Harassment and Violence in the Workplace

In Manitoba, employers are responsible for providing employees with a safe and healthy workplace. This means employees must be protected from workplace hazards, including harassment and violence. Do you know what obligations you have as an employer under Occupational Health and Safety legislation?

What is workplace harassment and violence?

The Workplace Safety and Health Act considers harassment and violence to be workplace hazards. In the Act, harassment is defined as objectionable conduct that creates a risk to the health of a worker. This can include bullying, sexual advances, or any behaviour that the perpetrator ought to reasonably know would cause offense or humiliation.

Violence is defined as an action or attempt to cause physical or psychological harm to a person at the workplace or in a work-related environment. This definition includes threats and domestic sexual violence that happens in the workplace.

Employer Responsibility

Employers must do what is reasonably possible to protect their workers from hazards in the workplace. It is their duty to define harassment and violence, investigate complaints, and take disciplinary action when necessary.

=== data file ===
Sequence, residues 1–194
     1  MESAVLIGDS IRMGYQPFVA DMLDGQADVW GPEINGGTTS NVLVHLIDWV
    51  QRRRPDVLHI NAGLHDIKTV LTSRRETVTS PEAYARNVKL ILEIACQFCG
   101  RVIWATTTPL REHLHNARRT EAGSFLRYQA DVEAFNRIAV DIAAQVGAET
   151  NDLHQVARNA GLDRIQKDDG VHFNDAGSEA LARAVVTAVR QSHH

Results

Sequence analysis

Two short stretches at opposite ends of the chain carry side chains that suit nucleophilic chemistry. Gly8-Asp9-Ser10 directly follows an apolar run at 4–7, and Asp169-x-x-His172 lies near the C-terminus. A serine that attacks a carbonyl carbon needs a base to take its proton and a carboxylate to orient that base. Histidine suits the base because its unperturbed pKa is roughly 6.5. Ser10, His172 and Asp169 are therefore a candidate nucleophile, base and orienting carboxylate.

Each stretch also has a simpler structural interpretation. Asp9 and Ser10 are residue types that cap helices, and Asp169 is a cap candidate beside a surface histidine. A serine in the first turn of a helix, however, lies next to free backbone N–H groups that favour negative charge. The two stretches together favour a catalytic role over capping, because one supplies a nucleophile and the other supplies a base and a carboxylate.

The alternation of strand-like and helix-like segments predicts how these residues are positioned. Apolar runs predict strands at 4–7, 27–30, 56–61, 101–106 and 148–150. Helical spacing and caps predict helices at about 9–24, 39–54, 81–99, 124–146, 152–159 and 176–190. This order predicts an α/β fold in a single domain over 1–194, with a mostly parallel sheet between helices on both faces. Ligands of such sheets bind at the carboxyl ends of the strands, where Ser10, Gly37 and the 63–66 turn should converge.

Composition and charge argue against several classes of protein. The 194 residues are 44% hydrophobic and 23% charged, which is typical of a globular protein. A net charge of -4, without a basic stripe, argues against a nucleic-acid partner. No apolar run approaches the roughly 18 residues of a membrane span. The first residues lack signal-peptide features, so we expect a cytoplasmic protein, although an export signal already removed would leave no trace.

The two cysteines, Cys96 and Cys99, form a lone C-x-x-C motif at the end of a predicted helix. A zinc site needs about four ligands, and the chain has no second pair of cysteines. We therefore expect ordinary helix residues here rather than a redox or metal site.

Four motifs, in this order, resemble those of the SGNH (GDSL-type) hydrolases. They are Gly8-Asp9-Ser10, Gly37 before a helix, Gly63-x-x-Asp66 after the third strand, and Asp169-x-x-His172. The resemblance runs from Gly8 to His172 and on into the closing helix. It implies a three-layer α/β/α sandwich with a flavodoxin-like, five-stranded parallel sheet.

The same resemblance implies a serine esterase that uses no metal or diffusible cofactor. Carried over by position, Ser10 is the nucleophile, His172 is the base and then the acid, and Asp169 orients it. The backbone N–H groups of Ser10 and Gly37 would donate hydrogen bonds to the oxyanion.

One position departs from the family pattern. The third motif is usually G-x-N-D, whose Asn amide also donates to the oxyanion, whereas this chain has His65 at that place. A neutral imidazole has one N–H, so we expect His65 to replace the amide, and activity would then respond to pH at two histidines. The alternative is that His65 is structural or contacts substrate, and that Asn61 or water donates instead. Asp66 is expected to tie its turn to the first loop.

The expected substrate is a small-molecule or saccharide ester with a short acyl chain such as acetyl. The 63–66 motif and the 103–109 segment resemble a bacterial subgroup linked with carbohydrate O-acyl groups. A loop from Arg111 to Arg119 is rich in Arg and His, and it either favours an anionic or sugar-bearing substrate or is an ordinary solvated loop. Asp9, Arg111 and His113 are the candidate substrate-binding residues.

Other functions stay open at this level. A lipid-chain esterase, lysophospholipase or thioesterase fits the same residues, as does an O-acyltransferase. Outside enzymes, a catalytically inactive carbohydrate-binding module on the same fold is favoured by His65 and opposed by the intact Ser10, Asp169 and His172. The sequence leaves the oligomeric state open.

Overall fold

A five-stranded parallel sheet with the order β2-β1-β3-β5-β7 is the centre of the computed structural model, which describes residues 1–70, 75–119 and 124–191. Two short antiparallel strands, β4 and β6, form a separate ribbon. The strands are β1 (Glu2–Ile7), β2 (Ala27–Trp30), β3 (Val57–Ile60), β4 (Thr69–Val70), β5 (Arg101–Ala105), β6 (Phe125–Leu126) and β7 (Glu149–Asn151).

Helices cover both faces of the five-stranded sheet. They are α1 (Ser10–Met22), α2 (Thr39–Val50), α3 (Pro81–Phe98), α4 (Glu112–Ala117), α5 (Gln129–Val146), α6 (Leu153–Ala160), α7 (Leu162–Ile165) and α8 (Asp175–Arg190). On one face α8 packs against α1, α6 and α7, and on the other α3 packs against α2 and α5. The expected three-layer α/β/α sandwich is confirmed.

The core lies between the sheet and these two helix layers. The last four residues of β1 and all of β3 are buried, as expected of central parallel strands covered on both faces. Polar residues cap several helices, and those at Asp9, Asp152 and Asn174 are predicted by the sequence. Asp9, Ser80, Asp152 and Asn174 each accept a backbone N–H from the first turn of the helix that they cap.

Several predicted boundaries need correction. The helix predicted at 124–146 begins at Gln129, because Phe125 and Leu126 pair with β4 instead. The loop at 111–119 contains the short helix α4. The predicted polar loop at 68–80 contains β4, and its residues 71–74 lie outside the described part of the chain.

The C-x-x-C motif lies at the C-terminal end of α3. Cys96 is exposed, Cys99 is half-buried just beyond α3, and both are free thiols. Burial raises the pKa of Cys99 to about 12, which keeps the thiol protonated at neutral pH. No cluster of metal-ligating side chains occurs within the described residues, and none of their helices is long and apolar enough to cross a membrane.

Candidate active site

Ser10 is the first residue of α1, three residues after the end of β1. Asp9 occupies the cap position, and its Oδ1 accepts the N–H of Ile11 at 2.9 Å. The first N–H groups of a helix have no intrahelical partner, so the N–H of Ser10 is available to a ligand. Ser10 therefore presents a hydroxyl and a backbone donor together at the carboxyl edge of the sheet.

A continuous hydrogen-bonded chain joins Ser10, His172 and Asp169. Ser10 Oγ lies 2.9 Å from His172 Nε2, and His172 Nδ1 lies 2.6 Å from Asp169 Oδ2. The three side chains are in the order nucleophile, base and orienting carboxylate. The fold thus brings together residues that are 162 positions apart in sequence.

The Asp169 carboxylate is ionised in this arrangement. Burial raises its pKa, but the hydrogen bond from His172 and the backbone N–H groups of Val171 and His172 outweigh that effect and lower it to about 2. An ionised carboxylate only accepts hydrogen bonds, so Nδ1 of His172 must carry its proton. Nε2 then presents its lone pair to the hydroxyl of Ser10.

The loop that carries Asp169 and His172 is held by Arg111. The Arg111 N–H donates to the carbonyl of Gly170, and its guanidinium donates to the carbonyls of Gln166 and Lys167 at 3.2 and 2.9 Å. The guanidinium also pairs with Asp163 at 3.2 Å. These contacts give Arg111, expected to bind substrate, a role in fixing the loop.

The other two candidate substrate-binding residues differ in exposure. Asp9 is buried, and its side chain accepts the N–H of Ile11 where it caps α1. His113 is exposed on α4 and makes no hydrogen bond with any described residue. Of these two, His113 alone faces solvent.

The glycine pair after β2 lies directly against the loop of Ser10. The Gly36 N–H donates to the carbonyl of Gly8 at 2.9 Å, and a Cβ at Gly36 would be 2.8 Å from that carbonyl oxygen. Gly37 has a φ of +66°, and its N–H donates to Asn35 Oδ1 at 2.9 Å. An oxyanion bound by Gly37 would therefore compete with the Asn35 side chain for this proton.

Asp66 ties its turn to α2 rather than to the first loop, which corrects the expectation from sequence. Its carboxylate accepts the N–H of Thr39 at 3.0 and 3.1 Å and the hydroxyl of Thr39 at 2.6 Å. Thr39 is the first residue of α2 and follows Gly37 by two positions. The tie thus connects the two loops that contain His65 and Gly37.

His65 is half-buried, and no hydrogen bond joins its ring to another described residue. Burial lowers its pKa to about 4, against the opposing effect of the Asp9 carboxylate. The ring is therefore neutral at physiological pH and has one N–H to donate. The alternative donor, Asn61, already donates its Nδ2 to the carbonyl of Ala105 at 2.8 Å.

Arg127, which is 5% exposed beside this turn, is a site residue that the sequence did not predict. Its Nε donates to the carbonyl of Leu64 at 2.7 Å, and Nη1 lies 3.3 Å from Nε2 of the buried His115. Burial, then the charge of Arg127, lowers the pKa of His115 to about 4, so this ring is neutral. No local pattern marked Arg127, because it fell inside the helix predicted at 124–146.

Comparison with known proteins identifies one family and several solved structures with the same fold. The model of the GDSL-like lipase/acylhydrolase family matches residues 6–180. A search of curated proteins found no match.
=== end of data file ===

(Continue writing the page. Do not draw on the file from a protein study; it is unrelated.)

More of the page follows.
Part of employers’ obligations is their duty to educate workers on how to recognize signs of danger. And how to respond in these situations or report incidents.

Employers must:

  • Develop and implement a written policy to prevent harassment in the workplace.
  • Develop and implement a written policy to prevent violence in the workplace.
  • Ensure that workers comply with both policies.
  • Post a copy of the policy in a conspicuous place at the workplace.

Preventative Measures

Employers must also prepare a report compiling any incidents of violence. This report should include:

  • Results of any investigation.
  • Recommendations for control measures or changes to policy,
  • Control measures that were implemented as a result.

Hazard assessments are also an important factor in reducing risk in the workplace. These must involve, if available, a joint work site health and safety committee or a health and safety representative.

Need help drafting a harassment and violence policy?

Ask our advisors for help. We can assist you in developing prevention policies and programs by providing you with documentation that is tailored to your unique business needs.  1 (204) 201-1614.